Indians living in America before the early settlers arrived co-existed with approximately 250,000-300,000 wolves roaming the land. They wrote about and drew pictures of wolves, demonstrating how wolves had been integrated into their lives and culture. However, as settlers began occupying more and more land, wolves were considered a dangerous threat.
To the editor:
Wolves are coming to the Marine Museum to meet the public. It’s an opportunity for you to see wolves close up, although it wasn’t that long ago that holding such an event might have been impossible.
More than one hundred years ago, the U.S. government took steps to control the wolf population, even to the point of eradication. President Theodore Roosevelt called the wolf “the beast of waste and destruction.” The battle was on and hunters killed as many as they could to collect bounties.
In 1974, the gray wolf became protected under the Endangered Species Act, enabling its population to grow. Unfortunately, many wolves are currently living in captivity. Some do not survive to maturity due to inadequate care and the difficulties of raising a wolf in captivity. Because of this, a refuge named Mission: Wolf was established in Colorado to provide rescued wolves with as natural a life as it can. All employees, including the Executive Director, are unpaid volunteers.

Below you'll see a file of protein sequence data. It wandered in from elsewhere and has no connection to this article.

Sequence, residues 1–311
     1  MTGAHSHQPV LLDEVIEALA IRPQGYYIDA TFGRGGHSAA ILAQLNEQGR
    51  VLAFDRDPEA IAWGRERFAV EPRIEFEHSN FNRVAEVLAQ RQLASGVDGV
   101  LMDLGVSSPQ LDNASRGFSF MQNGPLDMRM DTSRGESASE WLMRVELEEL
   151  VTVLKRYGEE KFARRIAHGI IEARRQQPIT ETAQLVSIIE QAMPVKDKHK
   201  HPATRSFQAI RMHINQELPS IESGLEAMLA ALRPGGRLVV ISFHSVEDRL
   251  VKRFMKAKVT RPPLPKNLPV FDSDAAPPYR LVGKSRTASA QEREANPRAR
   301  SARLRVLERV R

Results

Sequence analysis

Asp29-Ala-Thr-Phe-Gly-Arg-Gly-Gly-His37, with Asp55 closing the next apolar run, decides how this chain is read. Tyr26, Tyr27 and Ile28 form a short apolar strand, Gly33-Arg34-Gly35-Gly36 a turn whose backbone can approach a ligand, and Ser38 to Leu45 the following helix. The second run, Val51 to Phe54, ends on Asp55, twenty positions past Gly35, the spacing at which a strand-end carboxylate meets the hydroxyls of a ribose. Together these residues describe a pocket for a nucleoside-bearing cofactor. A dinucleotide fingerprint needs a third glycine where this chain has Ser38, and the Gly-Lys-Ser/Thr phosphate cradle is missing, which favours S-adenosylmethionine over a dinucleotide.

Mission: Wolf “has an Ambassador Program which travels across the United States twice each year. Founders Kent Weber and Tracy Brooks walk live wolves onto college campuses and into elementary school classrooms. We do educational programs in public parks and other community spaces. Our audiences can meet a wolf face to face during our programs: a once in a lifetime opportunity.”
The wolves will be visiting the Marine Museum on Tuesday, Oct. 16, at 7 p.m.. The public is invited. Come meet the wolves, hear them howl, and enjoy an experience you’ll never forget.
For more information, visit its web site: www.missionwolf.com.
(For the Marine Museum at Fall River.)